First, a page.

This may interest the likes of Cycling Fans Anonymous.
What could this mean for cycling?
Sorry for the bad scan job. I was sitting in a public library while reading the latest copy of Science News, and the lighting was not the best. Alternatively, you can read the electronic article here [Finding The Golden Genes, Patrick Barry, Aug 13 2008].
Basically, using hormones and other drugs to get dope into your system could be a thing of the past. Repoxygen, although hard to obtain, uses the natural abilities of a virus to deliver a therapeutic gene to an anemic patient's DNA. That gene will have the encoded protein, erythropoetin in it. Since this gene is similar to the patient's original gene, the 'camaflouging' is hard to detect.
Endurance can also be boosted by a gene encoding a protein called peroxisome proliferator-activated receptors (PPAR-delta) . The scanned article as shown above, referring to studies done by the Salk Institute for Biological Studies in California, states :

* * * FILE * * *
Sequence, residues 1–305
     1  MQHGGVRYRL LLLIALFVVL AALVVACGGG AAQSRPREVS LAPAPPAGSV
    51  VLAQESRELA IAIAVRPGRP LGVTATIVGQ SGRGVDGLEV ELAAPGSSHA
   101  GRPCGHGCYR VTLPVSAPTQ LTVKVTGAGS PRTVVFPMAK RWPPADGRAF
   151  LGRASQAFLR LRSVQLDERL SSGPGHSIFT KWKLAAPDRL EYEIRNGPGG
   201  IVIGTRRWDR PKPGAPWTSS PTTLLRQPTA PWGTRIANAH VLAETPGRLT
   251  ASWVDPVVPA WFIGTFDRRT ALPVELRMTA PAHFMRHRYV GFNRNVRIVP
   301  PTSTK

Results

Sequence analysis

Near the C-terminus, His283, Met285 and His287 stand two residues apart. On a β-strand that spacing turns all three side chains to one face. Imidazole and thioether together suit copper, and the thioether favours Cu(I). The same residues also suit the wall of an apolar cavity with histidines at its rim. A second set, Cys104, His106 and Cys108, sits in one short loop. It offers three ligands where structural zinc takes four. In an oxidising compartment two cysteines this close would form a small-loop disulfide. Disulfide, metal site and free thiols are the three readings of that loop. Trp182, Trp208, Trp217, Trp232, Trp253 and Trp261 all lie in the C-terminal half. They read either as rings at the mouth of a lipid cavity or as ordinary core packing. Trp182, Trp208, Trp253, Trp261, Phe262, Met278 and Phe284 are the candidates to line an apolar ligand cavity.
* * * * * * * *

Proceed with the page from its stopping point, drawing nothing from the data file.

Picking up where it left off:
"Mice engineered to have extra copies of this gene hopped onto a treadmill and, without ever having trained, ran about twice as fast as the unaltered mice. The extra PPAR-Delta improved the ability of the mice's muscles to use fat molecules for energy, and it shifted the animal's ratio of muscle fiber types from fast twitch toward slow twitch fibers - a change that would improve muscle endurance in people as well."
As far as I have learnt in biology, fiber ratios are genetically determined. But this form of gene quirk can blow all that out of the water. Now you may not even need to exercise to up your performance.
The dark question lurks : Are any athletes using repoxygen at the Olympics?